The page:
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The People Behind Netflix’s Hit “Never Have I Ever” Say The Show Is Elevating The Conversation About Representation On TV

“It’s long overdue to get this representation,” lead actor Maitreyi Ramakrishnan told BuzzFeed News. (Spoilers ahead!)

Posted on May 5, 2020, at 5:54 p.m. ET

Lara Solanki / Netflix

Devi (Maitreyi Ramakrishnan) in Never Have I Ever.

When Maitreyi Ramakrishnan landed a role in Mindy Kaling’s popular new Netflix series Never Have I Ever, she was thrilled. To be a leading South Asian character on a major TV series “rather than a sidekick is uniquely special,” she said, especially for her first role in Hollywood.

The character, a 15-year-old first-generation Indian American teenage girl named Devi Vishwakumar, goes through her share of trials and tribulations. During her first year of high school, Devi’s dad dies suddenly and she needs to use a wheelchair because her legs temporarily stop working. The hardships are compounded by the typical difficulties of being a teenage girl: ups and downs with friends, exploring new ideas about sexuality, and pressure from school and family members.

“It’s long overdue to get this representation, and hopefully, who knows, maybe Never Have I Ever will inspire other projects to tackle diversity and representation in a realistic manner,” Ramakrishnan told BuzzFeed News. “Where we don’t even have to keep talking about, ‘Oh, wow, we love your diversity.’ It’s just normal as it is in the real world.”

Never Have I Ever — which has a 97% rating on Rotten Tomatoes and has stayed in Netflix’s top 10 most-watched shows in the US since it premiered April 27 — tells these stories through the lens of Devi’s world and a diverse cast of characters. Lang Fisher, the show’s co-creator and Kaling's longtime collaborator, said she thinks the new show is an important contribution to television at a time when pop culture can — and should — influence people’s politics.

“For our country, particularly in the current political climate, it's important for us to see diversity in our entertainment and different types of people being celebrated and show those stories,” Fisher told BuzzFeed News. “It’s incredibly important right now to have a show that’s very inclusive.”

Lara Solanki / Netflix

Devi, Eleanor (Ramona Young), and Fabiola (Lee Rodriguez).

According to Fisher, she and Kaling wanted to tell a story for young people that felt so inclusive “anyone watching would see someone like themselves onscreen.”

The show is inspired by Kaling’s real-life experiences growing up, and Fisher said they wanted the characters to reflect the diversity of Southern California, where the show is set, and “make sure that felt accurate.”

“Growing up, I don't think Mindy saw herself in any teen shows, and she wanted to make sure that that would be different for this generation,” Fisher said.

While Never Have I Ever is providing important representation on TV and addresses a number of significant topics, Fisher said the creators also wanted it to simply be a “celebration of how awkward and funny teenagedom is for kids.”

“We’re not trying to be a Riverdale or Euphoria, where everything is highly cool and kids are really mature and into crazy drugs and stuff,” Fisher said. “We just want our show to reflect a realism of how teens actually are.”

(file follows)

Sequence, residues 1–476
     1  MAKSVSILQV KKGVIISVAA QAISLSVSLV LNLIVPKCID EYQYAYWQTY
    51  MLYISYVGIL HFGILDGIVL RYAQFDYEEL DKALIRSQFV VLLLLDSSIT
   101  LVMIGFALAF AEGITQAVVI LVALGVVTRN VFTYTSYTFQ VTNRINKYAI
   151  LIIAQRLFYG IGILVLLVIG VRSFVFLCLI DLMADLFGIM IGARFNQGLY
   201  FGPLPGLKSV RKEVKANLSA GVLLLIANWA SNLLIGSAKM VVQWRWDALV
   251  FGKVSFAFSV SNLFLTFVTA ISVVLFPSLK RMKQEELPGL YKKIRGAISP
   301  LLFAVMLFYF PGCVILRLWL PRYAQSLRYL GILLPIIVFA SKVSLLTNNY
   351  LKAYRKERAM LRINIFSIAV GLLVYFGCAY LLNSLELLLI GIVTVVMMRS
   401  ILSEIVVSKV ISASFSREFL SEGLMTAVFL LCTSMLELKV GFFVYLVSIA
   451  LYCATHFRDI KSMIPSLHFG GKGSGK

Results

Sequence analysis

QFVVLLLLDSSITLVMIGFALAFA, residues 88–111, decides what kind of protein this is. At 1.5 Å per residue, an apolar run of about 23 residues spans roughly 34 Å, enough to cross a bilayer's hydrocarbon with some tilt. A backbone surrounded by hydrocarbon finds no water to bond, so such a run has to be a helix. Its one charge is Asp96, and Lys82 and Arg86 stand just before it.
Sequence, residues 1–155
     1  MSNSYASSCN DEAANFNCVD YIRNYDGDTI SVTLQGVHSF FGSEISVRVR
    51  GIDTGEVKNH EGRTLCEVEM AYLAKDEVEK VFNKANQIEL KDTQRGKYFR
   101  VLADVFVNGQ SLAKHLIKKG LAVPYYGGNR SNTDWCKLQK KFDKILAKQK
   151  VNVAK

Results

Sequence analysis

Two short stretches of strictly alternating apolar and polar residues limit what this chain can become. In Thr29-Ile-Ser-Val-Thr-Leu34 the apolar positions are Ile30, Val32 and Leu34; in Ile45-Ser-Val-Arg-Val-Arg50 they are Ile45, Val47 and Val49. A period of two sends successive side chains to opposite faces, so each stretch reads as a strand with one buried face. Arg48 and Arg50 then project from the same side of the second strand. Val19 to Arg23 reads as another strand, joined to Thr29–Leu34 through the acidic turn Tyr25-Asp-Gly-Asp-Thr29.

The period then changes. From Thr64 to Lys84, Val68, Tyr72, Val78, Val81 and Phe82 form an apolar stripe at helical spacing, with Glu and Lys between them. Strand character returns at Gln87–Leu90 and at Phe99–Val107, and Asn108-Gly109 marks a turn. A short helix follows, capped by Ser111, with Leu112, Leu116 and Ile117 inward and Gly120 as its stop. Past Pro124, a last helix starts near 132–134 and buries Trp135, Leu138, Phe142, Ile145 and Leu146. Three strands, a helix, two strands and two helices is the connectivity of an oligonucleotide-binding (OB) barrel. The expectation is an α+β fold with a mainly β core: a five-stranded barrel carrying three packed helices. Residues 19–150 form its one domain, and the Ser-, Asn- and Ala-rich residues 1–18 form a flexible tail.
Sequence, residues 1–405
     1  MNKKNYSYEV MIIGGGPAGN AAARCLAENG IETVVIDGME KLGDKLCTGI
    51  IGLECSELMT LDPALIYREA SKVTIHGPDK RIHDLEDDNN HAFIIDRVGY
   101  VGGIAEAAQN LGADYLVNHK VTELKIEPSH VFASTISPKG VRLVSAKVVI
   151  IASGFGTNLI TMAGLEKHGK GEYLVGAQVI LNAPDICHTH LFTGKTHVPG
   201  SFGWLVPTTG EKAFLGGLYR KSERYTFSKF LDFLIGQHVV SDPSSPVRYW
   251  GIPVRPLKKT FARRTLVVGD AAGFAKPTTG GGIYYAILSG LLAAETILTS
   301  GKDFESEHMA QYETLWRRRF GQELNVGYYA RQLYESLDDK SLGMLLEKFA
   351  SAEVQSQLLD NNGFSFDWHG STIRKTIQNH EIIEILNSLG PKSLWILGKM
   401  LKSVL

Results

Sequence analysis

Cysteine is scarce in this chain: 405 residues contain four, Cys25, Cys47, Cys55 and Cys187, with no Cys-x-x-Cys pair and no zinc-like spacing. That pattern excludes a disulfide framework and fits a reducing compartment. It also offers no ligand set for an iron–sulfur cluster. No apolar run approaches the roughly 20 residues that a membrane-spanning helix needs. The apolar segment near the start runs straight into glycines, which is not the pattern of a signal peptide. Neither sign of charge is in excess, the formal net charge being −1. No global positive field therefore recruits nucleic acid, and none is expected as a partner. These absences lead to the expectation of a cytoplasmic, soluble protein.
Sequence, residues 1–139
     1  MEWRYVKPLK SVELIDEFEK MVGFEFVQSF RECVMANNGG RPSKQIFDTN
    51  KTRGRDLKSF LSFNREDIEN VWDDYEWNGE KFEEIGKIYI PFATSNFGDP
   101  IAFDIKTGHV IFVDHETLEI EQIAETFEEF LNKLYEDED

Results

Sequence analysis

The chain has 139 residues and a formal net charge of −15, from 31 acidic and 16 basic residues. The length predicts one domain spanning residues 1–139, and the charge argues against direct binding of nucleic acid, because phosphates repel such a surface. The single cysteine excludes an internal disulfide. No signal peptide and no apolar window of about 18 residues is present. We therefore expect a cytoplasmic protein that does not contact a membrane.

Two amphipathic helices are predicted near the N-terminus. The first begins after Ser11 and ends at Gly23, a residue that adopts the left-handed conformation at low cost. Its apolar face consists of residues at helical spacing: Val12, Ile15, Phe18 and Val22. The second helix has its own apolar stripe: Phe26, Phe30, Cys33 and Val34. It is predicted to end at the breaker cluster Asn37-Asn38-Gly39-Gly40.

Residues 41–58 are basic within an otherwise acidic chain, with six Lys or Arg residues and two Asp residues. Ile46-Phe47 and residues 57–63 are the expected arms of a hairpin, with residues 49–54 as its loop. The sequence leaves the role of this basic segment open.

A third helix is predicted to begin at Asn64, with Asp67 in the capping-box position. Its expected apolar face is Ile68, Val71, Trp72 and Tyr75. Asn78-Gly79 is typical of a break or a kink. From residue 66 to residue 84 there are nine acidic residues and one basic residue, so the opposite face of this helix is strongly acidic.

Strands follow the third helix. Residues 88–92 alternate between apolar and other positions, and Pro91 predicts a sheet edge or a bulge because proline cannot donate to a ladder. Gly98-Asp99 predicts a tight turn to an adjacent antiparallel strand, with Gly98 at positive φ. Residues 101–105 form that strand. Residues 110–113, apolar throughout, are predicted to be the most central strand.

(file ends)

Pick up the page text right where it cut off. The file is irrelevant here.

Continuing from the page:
Fabiola (Lee Rodriguez) and Eleanor (Ramona Young), Devi’s two best friends on the series, also illustrate the range of diversity in her life. Ramakrishnan said each character in their friendship trio has enough depth that they could stand on their own without just being in the background or an accessory to Devi’s storyline.

Lara Solanki / Netflix

From left: Devi, her cousin Kamala (Richa Moorjani), and her mother, Dr. Nalini Vishwakumar (Poorna Jagannathan).

“They all hold their own grounds and their different stories can help anybody relate and identify with Never Have I Ever,” she said.

Rodriguez agreed with her costar and said she hopes the series is an inspiration and comfort for viewers who may not often see themselves onscreen.

“Growing up, that’s not something we personally had. We didn't see someone who represented us, and we didn’t see anyone we resonated with,” Rodriguez told BuzzFeed News. “So it’s such a good feeling to be that for younger kids, and maybe they could possibly see themselves in any of the characters.”

The relationship between Devi, Fabiola, and Eleanor on the fictional series is brought to life by their real-life friendship, according to the actors. Ramakrishnan, Rodriguez, and Young all said they’re “sort of inseparable.” When they weren’t filming scenes together, they were hanging out in each other’s trailers behind the scenes and forming a bond that helped make their onscreen friendship even more authentic.

While they had fun filming, the actors also realize the importance of their show and the message they’re sending to fans who are tuning in around the world.

“We go through such diverse obstacles. Each character has their own issues, and I hope people who watch it who don't have anyone in real life to talk about these issues or have anyone who understands can be comforted by watching the show,” Young told BuzzFeed News. “Our characters represent a lot of different things, not just our ethnicity and our diversity but also the diversity in our problems and our stories. I think a lot of young people can relate to that.”

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